Saturday afternoon, Earvin Johnson was relaxing in a Phoenix hotel room, watching some TV hoops.
The Hawks were playing the Mavericks, and during a lull in the action, CBS analyst Billy Cunningham was chatting about the league. He mentioned the new, improved Houston Rockets, shorn of Ralph Sampson, and said something like, “Better watch out for the Rockets, Riles (Laker coach Pat Riley).”
Magic Johnson was stunned.
“I just shook my head,” Johnson said Monday, shaking his head.
A fairly innocuous remark to the rest of the world, those words from Cunningham ruined Magic’s day. He simmered. He simmered some more Sunday. Monday he caught fire.
Monday, Billy C’s words ruined the Houston Rockets’ day.
Magic Johnson, playing with a chip the size of Billy Cunningham on his shoulder, destroyed the Rockets at the Forum.
He scored 39 points, a Laker individual high for the season. Magic’s high had been 31. He made 15 of 20 shots and dished off the ball so fast he looked like a guy in the park speed-feeding the pigeons. Seventeen assists.
In the first quarter alone, Johnson had 15 points and 9 assists.
It was this kind of quarter: If you somehow get a video cassette of this 12 minutes, file it away. Twenty years from now, when your kid or grandkid asks you, “What were the Lakers and Magic like, Pops?” you just slip this one into the old VCR and go back to your whittling.
The quarter ended with Michael Cooper somehow breaking up a three-on-Coop Houston fast break, then Magic busting a junior-junior-junior skyhook.
In the quarter, the Lakers had a string of 18 shots without a miss. That’s impressive in pregame layup drills, let alone serious game time against a big conference rival.
What happened, Magic? Did Billy C’s comments fire you up?
“Yeah, definitely,” Johnson said. “Ever since I’ve been here (in Los Angeles), we really haven’t gotten the recognition we deserve. We’re always second or third fiddle to someone, usually teams back East, even when we win the championship.”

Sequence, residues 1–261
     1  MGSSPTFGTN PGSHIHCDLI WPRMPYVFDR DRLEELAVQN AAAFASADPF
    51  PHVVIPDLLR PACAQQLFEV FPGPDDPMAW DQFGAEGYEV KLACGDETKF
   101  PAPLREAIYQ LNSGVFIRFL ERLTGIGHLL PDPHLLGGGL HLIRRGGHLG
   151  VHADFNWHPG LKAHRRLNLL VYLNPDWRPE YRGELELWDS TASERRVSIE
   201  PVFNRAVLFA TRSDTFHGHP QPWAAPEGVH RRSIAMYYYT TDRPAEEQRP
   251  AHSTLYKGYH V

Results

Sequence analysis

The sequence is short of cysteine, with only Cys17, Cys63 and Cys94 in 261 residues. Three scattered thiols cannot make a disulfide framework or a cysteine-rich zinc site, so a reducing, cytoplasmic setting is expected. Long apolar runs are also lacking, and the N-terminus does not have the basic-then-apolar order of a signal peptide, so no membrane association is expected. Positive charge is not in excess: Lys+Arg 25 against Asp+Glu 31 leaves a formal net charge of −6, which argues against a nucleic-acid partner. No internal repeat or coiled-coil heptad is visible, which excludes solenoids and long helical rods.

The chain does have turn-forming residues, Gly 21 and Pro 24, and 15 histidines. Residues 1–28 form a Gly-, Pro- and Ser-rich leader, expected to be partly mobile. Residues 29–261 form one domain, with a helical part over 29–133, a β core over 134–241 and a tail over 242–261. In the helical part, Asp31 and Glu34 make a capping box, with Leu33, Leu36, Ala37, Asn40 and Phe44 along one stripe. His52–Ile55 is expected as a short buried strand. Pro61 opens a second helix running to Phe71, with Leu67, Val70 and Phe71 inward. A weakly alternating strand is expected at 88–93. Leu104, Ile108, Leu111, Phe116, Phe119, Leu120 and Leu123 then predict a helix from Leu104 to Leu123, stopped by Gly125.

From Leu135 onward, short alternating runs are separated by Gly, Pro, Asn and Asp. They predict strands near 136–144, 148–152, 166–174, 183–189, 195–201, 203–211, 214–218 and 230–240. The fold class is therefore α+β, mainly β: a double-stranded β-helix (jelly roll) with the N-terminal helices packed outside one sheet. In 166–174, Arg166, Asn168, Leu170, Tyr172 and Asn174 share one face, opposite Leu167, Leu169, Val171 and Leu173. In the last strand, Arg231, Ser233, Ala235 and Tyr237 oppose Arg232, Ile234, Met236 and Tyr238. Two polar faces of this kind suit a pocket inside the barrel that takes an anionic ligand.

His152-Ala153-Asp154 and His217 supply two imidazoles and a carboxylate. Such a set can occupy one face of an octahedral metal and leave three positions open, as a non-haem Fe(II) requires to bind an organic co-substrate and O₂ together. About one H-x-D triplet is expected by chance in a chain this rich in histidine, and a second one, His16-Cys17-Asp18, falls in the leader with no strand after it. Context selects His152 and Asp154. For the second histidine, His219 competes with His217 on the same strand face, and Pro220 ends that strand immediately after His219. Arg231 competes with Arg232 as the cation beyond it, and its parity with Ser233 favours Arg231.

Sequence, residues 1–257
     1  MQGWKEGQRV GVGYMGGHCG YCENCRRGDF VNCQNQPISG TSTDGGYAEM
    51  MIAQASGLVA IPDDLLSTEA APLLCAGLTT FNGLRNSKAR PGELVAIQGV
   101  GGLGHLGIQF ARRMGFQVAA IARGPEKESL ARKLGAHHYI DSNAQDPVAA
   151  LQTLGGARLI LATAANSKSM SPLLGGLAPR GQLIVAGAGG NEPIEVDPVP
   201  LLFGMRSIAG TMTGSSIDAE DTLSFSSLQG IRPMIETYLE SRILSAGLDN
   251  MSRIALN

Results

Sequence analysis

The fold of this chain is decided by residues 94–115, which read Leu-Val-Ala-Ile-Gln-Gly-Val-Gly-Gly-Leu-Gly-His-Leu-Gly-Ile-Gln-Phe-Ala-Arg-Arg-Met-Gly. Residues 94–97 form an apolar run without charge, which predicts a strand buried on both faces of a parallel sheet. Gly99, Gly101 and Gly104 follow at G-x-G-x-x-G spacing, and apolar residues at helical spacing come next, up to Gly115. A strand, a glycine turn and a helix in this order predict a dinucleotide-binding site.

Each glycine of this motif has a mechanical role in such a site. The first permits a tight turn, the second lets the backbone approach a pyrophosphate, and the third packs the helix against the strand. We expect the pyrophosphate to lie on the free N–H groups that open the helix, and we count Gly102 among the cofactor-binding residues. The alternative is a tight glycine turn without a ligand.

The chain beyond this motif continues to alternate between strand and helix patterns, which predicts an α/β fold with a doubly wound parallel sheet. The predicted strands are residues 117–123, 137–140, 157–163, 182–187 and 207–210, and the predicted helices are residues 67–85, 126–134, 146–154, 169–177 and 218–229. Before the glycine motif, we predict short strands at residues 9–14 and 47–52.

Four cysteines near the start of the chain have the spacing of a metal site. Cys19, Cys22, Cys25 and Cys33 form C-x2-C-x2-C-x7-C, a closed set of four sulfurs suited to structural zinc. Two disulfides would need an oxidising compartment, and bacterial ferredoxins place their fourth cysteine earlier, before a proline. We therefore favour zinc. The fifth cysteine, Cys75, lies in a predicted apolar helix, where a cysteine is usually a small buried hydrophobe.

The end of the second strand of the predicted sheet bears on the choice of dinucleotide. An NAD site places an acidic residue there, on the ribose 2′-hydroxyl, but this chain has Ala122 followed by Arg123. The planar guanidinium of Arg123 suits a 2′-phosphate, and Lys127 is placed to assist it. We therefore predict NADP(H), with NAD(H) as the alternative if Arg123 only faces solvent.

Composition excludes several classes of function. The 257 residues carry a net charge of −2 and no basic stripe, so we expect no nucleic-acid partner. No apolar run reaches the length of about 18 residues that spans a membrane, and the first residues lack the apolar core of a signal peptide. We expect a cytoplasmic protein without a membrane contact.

That’s debatable. But if paranoia be the food of motivation, feast on, Lakers. Who am I do de-inspire a team bound for glory by telling them that the rest of the league fears, respects and loathes them above all others?
“One day before I leave this planet, or before I leave this game, maybe the Lakers will get what they deserve,” Magic said.
Magic seemed to leave the planet Monday, at least temporarily. The Rockets put 6-foot 2-inch Allen Leavell on Magic. He posted up Leavell and ran him to death. So the Rockets tried quick, 6-7 Purvis Short. Magic went around Short so many times, Purvis thought he was a Maypole.
They gave 6-3 guard World B. Free a shot at Magic, with double-team and triple-team help, and--surprise!--Johnson kept finding open Lakers to pass to.
He pushed the ball relentlessly, worked the Rocket defense like a 6-9 Bo Jackson. Magic’s teammates, playing harmony, picked and rolled and cut and moved and kept getting passes for open shots.
“There was nothing nobody could do,” Free said. “Magic is playing the game the way the game is meant to be played.”
The Rockets, a team still in the getting-to-know-you stage of post-Sampson development, could only stand and watch.
“Strictly awesome,” Laker sub Wes Matthews said. “Whenever (Magic) tunes in like that, turns on the jets, he finds everyone . The options and the weapons on this team are so awesome. We’re lethal.”
It was an uncharacteristically fast start for the Lakers, and an unusually big offensive game for Johnson. He was 10th in league scoring last season, but has slipped three points this season, to 20.1, 20th in the league.
“I’ve been running up against so many defenses,” Johnson said. “I get double-teamed, triple-teamed. For the first time (in his career), they’re not letting me get into it. They double me from way outside to inside.
“I hadn’t really been in the offensive flow lately, because Byron (Scott) has been carrying it. But I knew the Rockets would probably try to stop Byron, and I would have to be the focus of the offense. I had to get into it.”
When he did, he seemed to take the Forum fans by surprise. When Riley took Johnson out of the game at the end of the amazing first quarter, Magic got a standing ovation--from about 3 of the 17,505 fans. Same thing happened late in the fourth quarter. A pitter-patter of polite applause. It was like yawning when a friend shows you his Picasso.
But even the quiet house didn’t bother Johnson.
“The fans have been great all year,” he said. “They love us. I can’t knock ‘em.”
What’s not to love? If you can’t get behind this team, you might as well go home and wait for spring training. Hoops ain’t your sport, sport.
As for you, Billy C., thanks for a memorable Monday afternoon at the Forum.